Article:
The space shuttle will come back for its final turn in the spotlight with its scheduled launch Wednesday after a 21/2-year absence, reviving America's human spaceflight program even as NASA moves to retire the venerable craft.
The shuttle Discovery stood poised at the Kennedy Space Center's Launch Pad 39B, where, barring a last-minute technical problem or a thunderstorm, it will lift off at 3:51 p.m. Eastern time for a 13-day mission.
One potential problem surfaced late Tuesday when workers found that a temporary plastic cover protecting one of the shuttle windows had fallen 65 feet and damaged heat-shielding tiles on the left on-orbit engine. Officials said, however, that engineers had quickly replaced the damaged panel and that it would not affect the launch.
"We're go for launch," NASA Administrator Michael D. Griffin said, with no other engineering problems outstanding and little left to do but "hope that the weather gods are smiling on us."
For NASA and the U.S. space program, Discovery offers the prospect of redemption after the tragic loss of Columbia -- an opportunity to restore the agency's tattered reputation, a reaffirmation of American preeminence in human spaceflight and the long-awaited opening salvo in President Bush's initiative to put humans back on the moon by 2020 and eventually send them to Mars.
Hardware and software checks at the pad continued without mishap, gantries were pulled back, and equipment was cleared away and stored. Mission commander Eileen Collins and six other astronauts, quarantined for a week from all but close family members and friends, said goodbyes and rested quietly, ready to board the spacecraft a little more than three hours before launch.
"All of the work goes extremely well," said NASA test director Jeff Spaulding, in charge of the countdown. "From my perspective, a boring countdown is a good countdown."
Weather remained the biggest unknown. With midday thunderstorms a regular feature of central Florida in July, meteorologists Tuesday gave the launch a 60 percent chance of happening on time, down from their earlier estimate of 70 percent.
Planners can try twice more in the next three days before they would have to wait for three days to service the shuttle, and perhaps even longer if Tropical Storm Emily changes course.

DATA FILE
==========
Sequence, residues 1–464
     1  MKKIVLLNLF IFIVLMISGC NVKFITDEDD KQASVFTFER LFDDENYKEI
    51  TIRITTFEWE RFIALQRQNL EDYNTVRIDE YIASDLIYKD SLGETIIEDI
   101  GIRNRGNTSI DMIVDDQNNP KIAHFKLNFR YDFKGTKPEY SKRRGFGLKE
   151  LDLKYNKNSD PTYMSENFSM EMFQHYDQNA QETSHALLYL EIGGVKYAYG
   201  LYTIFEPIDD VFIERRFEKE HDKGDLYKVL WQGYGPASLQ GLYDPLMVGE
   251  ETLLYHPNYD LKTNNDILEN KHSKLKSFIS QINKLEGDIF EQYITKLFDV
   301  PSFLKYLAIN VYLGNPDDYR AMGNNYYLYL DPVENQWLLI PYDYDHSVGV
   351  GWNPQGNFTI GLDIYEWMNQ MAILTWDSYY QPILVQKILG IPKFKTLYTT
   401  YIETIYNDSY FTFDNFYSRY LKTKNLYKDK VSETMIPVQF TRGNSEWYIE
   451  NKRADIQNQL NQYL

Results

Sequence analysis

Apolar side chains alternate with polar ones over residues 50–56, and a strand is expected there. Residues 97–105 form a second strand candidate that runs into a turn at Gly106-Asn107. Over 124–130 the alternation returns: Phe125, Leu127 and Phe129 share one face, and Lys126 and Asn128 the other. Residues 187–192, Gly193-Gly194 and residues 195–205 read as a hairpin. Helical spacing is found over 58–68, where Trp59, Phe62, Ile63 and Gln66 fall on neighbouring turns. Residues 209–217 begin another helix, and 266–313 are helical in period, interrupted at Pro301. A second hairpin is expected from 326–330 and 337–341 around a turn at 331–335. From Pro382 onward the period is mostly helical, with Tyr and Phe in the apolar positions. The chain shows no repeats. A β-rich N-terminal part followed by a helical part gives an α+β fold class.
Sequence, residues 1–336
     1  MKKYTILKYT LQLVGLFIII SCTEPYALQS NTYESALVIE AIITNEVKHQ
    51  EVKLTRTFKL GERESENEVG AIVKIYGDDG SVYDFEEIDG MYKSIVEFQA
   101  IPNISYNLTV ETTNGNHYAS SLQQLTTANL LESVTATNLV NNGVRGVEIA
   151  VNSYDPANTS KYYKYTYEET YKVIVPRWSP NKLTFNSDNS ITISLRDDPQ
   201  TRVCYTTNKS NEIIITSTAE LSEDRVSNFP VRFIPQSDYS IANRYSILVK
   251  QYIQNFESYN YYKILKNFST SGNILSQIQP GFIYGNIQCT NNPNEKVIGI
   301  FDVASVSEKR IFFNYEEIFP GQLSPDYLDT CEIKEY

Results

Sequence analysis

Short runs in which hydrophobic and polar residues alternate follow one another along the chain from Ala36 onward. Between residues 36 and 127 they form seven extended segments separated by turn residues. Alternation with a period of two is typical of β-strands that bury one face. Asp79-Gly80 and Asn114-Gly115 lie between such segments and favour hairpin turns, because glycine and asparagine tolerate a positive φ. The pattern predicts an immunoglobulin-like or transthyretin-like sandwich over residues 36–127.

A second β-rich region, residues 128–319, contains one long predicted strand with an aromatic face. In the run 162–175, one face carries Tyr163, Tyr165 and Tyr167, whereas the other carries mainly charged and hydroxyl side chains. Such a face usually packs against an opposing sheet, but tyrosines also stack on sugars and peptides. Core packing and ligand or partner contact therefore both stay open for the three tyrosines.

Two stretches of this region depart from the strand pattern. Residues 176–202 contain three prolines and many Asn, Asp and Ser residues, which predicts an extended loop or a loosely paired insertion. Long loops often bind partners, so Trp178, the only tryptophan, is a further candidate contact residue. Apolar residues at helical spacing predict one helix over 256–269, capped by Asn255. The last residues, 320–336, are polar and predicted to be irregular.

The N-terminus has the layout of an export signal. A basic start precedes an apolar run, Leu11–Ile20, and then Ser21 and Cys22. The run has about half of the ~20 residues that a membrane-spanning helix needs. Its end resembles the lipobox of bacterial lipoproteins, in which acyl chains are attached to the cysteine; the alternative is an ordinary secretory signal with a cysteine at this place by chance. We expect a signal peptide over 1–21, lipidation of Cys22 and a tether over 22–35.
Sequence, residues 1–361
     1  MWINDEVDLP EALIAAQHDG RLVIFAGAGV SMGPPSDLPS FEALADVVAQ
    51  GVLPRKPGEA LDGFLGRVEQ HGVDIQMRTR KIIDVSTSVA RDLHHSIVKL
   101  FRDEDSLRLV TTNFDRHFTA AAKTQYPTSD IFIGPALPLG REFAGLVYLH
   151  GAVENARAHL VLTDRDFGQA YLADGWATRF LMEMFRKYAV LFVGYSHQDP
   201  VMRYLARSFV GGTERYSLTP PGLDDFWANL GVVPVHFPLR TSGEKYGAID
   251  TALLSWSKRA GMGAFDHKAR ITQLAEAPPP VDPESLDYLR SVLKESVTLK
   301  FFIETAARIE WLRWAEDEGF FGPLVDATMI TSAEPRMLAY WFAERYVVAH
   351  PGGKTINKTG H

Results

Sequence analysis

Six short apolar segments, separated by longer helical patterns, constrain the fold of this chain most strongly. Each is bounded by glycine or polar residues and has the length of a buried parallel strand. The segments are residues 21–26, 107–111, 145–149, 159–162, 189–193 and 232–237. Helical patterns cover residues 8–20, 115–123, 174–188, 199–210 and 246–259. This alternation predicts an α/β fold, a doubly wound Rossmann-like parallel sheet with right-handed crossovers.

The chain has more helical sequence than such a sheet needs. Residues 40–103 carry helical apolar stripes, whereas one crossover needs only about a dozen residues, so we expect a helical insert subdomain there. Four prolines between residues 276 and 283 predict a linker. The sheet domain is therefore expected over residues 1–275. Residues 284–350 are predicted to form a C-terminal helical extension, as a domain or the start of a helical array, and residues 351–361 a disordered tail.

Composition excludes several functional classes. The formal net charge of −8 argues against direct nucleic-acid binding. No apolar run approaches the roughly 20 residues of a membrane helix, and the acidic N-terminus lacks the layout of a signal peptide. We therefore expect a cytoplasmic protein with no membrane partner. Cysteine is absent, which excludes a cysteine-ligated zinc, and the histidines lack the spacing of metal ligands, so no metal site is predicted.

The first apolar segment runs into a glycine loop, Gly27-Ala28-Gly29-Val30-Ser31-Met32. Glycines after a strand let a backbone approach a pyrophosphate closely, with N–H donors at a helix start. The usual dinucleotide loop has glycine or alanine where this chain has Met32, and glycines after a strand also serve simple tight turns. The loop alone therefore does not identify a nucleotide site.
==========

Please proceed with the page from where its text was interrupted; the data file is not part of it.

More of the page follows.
Weather officer Kathy Winters said the chief fear for launch day is that the afternoon sea breeze will not blow the daily midday thunderstorms inland beyond the 20-mile weather-free zone needed in case the shuttle has to return to the space center for an emergency landing. Spaulding said engineers can wait until nine minutes before liftoff before deciding whether to abort the launch.
For the space shuttle, built with 1970s technology and flown 113 times since 1981, Discovery's mission will serve as the acid test for new safety features and procedures put in place after sister ship Columbia disintegrated over Texas during reentry Feb. 1, 2003, killing all seven astronauts aboard and grounding the shuttle fleet.
In a statement Tuesday, families of the Columbia astronauts blessed Discovery's journey and praised NASA for "an exemplary job in defining and reducing the technical risk as much as possible," while urging the agency to remain "vigilant."
"I'm pleased that they're supportive of our efforts -- and it matters," Griffin said in a news conference. But, he cautioned, "there is no recovery from the mistakes we have made. The safety lessons that we who fly have learned are written in other people's blood."
Discovery will fly with an external fuel tank redesigned to minimize the shedding of ice and foam insulation, like the suitcase-size chunk that breached Columbia's heat shielding during launch, dooming the orbiter.
Independent reviewers have said that NASA made great strides in solving the debris menace but that the risk has not disappeared.
NASA has also installed more than 100 new imaging devices to check the shuttle's underside for damage during launch, a task deemed so important that Winters said cloud cover "could be a showstopper" if it blocks enough of the cameras.
"Can we be bitten by something we don't know about?" Griffin asked. "Sure. This is a very tough business, but everything we know how to do has been done."
The mission brings to life Bush's "Vision for Space Exploration," the moon-Mars initiative announced in 2004.
The vision's initial job is to complete construction of the international space station. Discovery and its sister ships, Atlantis and Endeavour, with the capacity to carry 65,000 pounds of cargo, are the trucks that deliver new components and spares to the space station and haul away its trash.
Discovery will spend most of its mission at the station, where two-member crews have spent much of their time since the Columbia disaster making interim fixes to key equipment and carefully husbanding food, water and oxygen sent up to them in limited quantities by Russian resupply spacecraft.
Space station project manager William Gerstenmaier made no secret of his eagerness to have the shuttle back, "because we can't continue assembly of the station" without it, but he insisted that an aborted launch Wednesday, or even a delay until September, would not affect the station's survival.
"It's important, but does it absolutely have to happen?" he said Monday. "No. We're still stable."
No matter when Discovery launches, the shuttle's return is only a limited engagement. On Tuesday, Griffin reaffirmed the Bush administration's wish to retire the shuttle by 2010 and replace it with a new spaceship able to travel to the moon. Discovery's flight may be historic, he said, but it is also the beginning of the end.
"The space shuttle is the most magnificent piece of transportation ever developed," just like "the clipper ships were the pinnacle of the sailing art," he said. "It's time to move on."